Educators and policymakers frequently discuss ways to attract and retain high-quality teachers. One idea getting attention these days is to swap some of the benefits teachers enjoy later in their careers for more money in the early years. The survey finds teachers are protective of their pensions, and the vast majority of teachers overall do not like the idea of raising starting salaries in exchange for fewer retirement benefits.

Class size not a factor in Ed Sectorville
On attracting and retaining teachers, there are seven options. There is no hint of attracting and retaining people with low class sizes, which many of my private school teacher friends point to as a reason never to teach in a public school. Many teachers who leave cite class size as the single most important factor. Hey! Why bring up a topic that is off bounds in your world of ed reform?

The only mention of class size:
Fifty-five percent of teachers overall say the union in their district “negotiates to keep class size down in the district.”

On how unions can improve teaching? Again, lowering class size was not an option.

There was even less joy in Ed Sectorville at this result:

Most teachers see the teachers union as vital to their profession. When asked how they think of teachers unions or associations, 54 percent of teachers responded that they are “absolutely essential.” This is an increase of 8 percentage points from 46 percent in 2003.
...most teachers do not think that union presence hinders the reputation of the profession. Just 21 percent of teachers agree that, “Teachers would have more prestige if collective bargaining and lifetime tenure were eliminated.”

We see this movement towards unions as a result of the imposition of they very market-based concepts the Ed Sector is pushing. I bet the figures on NYC would be considerably higher on the essential need for a union except for the fact that many teachers feel the UFT lines up way too often on the Ed Sector side of the fence.

I can't wait for the 2011 biased survey. A sign I need to get a life.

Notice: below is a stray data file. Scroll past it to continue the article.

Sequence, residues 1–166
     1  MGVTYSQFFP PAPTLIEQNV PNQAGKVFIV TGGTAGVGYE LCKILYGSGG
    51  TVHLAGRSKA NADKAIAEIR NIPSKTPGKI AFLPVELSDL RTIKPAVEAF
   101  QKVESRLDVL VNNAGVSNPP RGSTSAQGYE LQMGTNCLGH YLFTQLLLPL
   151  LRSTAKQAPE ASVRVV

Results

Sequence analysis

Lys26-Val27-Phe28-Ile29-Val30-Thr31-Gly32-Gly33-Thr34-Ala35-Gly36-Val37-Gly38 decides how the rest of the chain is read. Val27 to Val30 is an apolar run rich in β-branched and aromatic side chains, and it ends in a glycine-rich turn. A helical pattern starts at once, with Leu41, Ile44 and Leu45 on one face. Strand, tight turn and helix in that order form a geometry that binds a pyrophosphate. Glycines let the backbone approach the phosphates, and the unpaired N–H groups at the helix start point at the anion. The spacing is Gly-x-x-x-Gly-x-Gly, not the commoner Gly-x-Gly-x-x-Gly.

The questions, results and audio can be downloaded from the Education Sector. Or email me and I'll send you the pdfs.


j m holland said...

I analyzed 5 of the questions from a teacher's perspective.
What is interesting is what they chose not to report.

Anonymous said...

We will gain prestige only when this society truly cares about real education, not the canned corporate garbage they try to feed our children and the media. Their attempts at "accountability" by quoting statistics sounded as credible as anything our country's leaders have pulled out of the air to support "regime change" or whatever the excuse was for that war. Which "three out of four" teachers say that there are too many burnt out senior teachers? Who were they talking to, first year teachers who had to say what their handlers told them? This is utter propaganda, and I just cannot fathom what has happened to true education where people learned to critically analyze what they read, see, and hear. Now they want education to be adequate for someone to become a corporate cog and not question. Perhaps senior teachers have a bad habit...they question how non educators make bad educational decisions that affect millions.

NYC Educator said...

It's interesting so many teachers say their union negotiates to keep class size down. You could say the UFT does that too. The only problem is they've made no progress whatsoever in the 24 years I've been teaching.

Other than that, they do some great work.

Chaz said...

Great analysis Norm. While I still believe teacher quality is important, so is class size. Further, their definition of teacher quality is quite different than mine.

Anonymous said...

Unfortunately for this retread of an inane argument, there is no reliable body of evidence that says that smaller classes lead to better results, when applied across a school system/district. Just saying that it's so doesn't make it so.

ed notes online said...

Ah, the imaginary teacher is back. Since you have idle hands - your assignment: go find the famous Tennessee study on class size. Write a report of at least 2000 words, then go to the blackboard in your imaginary classroom and write 250 times: Low class size raises teacher quality.

Anonymous said...

I disagree with the first entry...teachers do report, leaders do nothing, there is no difference in pay between a good teacher and a bad one, there is much incentive to just be one...all teachers get paid the same amount of money based on how long they have stuck it out and how much education they have...so if you had those standards in your "real life jobs" do you think you would be taken work home?

I think not!!

ed notes online said...

I don't know of many teachers who do not take work home or stay extra hours in school to do their work. Do teachers in private schools get paid on that basis? I don't know of any schools that do it that way. And what about places like the suburbs? Are there calls in Scarsdale for paying teachers baased on their "quality?" It's all a red herring to destroy pay scales of teachers and to divide them from each other in urban areas with the goal of paying a few teachers a lot of money and the majority much less than they get now.